We’ve covered a bunch of ground since we began our Good Samaritan talks. We’ve looked at how there is no more Ideal Samaritan than Jesus, how, in stark contrast to him we’re all pretty much Inadequate Samaritans with quite a replete repertoire of excuses for it, and then how we might get on a trajectory to become Improving Samaritans.
Finally, in light of all we’ve said, my question is, “Why we aren’t influencing our world toward our Savior Samaritan in a more powerful way?” Continue reading →
After all this talk of good samaritanism, the sixty-four-thousand-dollar question is “How do we get there?” I know I should be more rather than less like Jesus, which is different than being more or less like him. I know that I should be on an “Improving Samaritan” trajectory. I want to be the kind of selfless servant Jesus was, but how do I get there?
I’m not selfless by nature. I care mostly about myself, but if I’m “feeling it” and get a free moment or two I might stop and help someone, most typically someone who’s sort of like me. I prefer helping people who are like me, speak my language, and whose cultural ways are similar to mine. It’s a bonus if they don’t smell bad or have any objectionable idiosyncrasies. I know that’s not the way Jesus rolls, so how do I become more like him and less like me? Continue reading →
By comparison to the “Ideal Samaritan” we’re all quite “Inadequate Samaritans” don’t you think? Since we’re not very much like him, “Good Samaritan” (Luke 10) status seems a little too lofty to my ears, so I’d like to recommend that we at least aspire to the rank of “Improving Samaritans.”
Don’t forget, we’re playing a real-life game of “Follow the Leader.” Jesus wants us to follow him – copy him, if you will. That doesn’t mean we’re on a trajectory to become Junior Saviors, but we e shooting to be clearer signage that points people to him. As Improving Samaritans we want to love the Father and one another as he did. Continue reading →
“I don’t have time to help so-called ‘underserved’ people. I’m too busy just trying to raise my family and pay the mortgage.”
It says that the Samaritan came across the dying man “as he traveled.” He must have been on his way somewhere. The Jericho Road, colloquially called “The Bloody Pass” wasn’t anyone’s destination. You didn’t go there for a picnic and to see the sights. He found the victim while on his way to someplace else.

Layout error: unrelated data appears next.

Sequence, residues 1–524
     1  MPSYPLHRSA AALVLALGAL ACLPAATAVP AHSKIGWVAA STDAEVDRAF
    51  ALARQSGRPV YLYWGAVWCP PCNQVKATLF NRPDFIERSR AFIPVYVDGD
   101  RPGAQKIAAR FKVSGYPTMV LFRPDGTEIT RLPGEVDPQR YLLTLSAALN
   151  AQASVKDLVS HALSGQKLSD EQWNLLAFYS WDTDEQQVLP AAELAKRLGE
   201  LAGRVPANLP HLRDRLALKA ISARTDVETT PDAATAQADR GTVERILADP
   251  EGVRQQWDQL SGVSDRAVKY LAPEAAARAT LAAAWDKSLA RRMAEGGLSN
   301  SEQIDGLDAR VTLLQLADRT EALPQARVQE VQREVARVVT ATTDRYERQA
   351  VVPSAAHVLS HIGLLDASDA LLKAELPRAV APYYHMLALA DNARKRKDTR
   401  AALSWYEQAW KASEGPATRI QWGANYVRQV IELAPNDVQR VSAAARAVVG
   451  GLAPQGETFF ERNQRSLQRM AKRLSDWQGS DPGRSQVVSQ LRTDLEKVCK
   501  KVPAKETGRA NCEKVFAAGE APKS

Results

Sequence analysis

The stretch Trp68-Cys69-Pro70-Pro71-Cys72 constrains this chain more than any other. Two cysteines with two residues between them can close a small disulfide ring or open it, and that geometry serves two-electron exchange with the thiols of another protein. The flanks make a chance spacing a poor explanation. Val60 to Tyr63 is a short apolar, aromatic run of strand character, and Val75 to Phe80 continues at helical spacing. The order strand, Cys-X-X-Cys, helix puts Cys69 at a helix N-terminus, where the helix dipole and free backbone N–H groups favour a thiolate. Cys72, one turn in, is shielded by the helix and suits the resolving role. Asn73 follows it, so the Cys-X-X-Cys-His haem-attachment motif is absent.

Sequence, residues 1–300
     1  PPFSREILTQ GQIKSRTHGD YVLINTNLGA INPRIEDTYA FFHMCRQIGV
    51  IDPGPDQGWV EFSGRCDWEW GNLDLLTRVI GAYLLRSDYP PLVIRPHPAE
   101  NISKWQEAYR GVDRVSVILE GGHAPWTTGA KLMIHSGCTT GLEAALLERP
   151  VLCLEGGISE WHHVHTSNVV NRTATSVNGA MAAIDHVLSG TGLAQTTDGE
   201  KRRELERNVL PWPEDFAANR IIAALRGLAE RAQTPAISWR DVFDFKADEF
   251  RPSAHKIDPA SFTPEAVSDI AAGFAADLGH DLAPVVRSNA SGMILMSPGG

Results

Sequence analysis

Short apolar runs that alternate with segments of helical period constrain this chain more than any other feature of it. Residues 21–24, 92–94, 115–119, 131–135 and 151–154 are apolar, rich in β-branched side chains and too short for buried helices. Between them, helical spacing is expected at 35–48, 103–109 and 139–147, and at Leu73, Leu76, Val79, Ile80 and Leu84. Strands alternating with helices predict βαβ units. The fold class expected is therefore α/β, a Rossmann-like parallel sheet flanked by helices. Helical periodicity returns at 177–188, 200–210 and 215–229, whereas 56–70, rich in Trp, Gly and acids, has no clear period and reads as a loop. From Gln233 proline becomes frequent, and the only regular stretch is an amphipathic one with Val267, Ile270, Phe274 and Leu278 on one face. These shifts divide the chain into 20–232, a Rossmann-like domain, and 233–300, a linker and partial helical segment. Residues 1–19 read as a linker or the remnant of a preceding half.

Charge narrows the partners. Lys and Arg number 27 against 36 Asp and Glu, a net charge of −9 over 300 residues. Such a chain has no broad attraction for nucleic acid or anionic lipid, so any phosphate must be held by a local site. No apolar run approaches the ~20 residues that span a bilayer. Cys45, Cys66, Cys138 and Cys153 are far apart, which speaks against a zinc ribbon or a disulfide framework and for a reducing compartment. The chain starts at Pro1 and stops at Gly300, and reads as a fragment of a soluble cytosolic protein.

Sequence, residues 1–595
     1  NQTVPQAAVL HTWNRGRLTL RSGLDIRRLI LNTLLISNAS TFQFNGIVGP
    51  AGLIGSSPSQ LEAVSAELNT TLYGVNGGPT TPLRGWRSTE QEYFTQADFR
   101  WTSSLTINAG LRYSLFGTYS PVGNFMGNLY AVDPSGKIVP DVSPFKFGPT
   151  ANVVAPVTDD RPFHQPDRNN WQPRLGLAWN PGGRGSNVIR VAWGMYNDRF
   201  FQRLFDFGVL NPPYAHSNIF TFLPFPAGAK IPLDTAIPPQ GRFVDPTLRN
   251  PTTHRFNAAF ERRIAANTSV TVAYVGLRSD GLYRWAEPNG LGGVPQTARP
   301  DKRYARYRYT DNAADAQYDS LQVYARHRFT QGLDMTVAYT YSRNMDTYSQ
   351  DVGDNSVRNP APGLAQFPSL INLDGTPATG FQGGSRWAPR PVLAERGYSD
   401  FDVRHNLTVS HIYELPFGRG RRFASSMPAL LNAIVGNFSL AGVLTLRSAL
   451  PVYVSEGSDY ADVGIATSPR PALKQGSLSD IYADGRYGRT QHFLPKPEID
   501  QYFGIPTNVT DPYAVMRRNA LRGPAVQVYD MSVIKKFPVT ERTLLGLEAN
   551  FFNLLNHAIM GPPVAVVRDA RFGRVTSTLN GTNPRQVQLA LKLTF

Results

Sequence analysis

That’s where we may, if we care to notice, run into a lot of our divine appointments, on our way somewhere else. In order to meet the man’s need the Samaritan had to be willing to stop and be late to his next appointment. Maybe his lateness would cost him a contract or the ire of a customer or friend, but the bleeding man lying in front of him had a greater need than his need to be on time to wherever he was otherwise supposed to be. Continue reading →
We’ve established that, even if Jesus didn’t exactly intend his parable to point directly to the kind of Samaritan he would be, he would make an “Ideal Samaritan.” Looking at the way he treats thrashed people, if we’re honest, we see how far we are from that ideal and might even consider ourselves “Inadequate Samaritans.” In order to lower the volume on our nagging conscience we concoct some pretty creative excuses for our inadequacy. If you happen to be shopping for some fresh new alibis for being more, less like Jesus than more, more like Jesus you might try on one of these for size.
“How do I know they’re deserving of my help?”
Can you see Jesus saying this to the Father? “OK, I’ll go and I’ll sacrifice myself, but not for those who don’t deserve it! I only want to die for those who are eligible, who were total victims and didn’t get themselves in the trouble they’re in. I don’t want to waste my blood on the undeserving.” Continue reading →
In two earlier posts I introduced the concept and context of the parable of the Good Samaritan. I talked about to be like Jesus is to be like the kind of “Ideal Samaritan” he was. Let me take this a little further and identify, like the law expert with whom he shared his parable, we make excuses for our lack of Christlikeness…
Christianity is like playing “Follow the Leader.” Jesus told us to “follow” him, which is a truckload more than just believing in him. It’s been a while since I’ve played the actual game, but I remember that if you want to stay in the game you have to do what the leader does. And you have to do it just the way s/he does it. Saying, “Well, I’m not going to do that, but I really do believe in you!” won’t get you to the next round. Believers-only sit down and watch followers stay in and play. Continue reading →
They were talking about the greatest command of all when Jesus revealed to the loophole seeking Bible scholar how he rolled as a God-and-people-lover. I think, with the Samaritan story, Jesus was, in essence, saying, “Here’s how I love my Father and my neighbors. I go out of my way to serve them.”
Though I can’t claim with certainty that Jesus necessarily intended us to view him as “The Samaritan” in his story, you have to admit the parallels are striking. I don’t know about you, but when Jesus found me, I was robbed and beat down by the Sin, Satan, and the System. Religion did nothing for me but pass me by on the other side of the road. But, of all people, this unexceptional Man of love picked me up, tended my wounds, brought me to a therapeutic community for recovery, and paid the tab.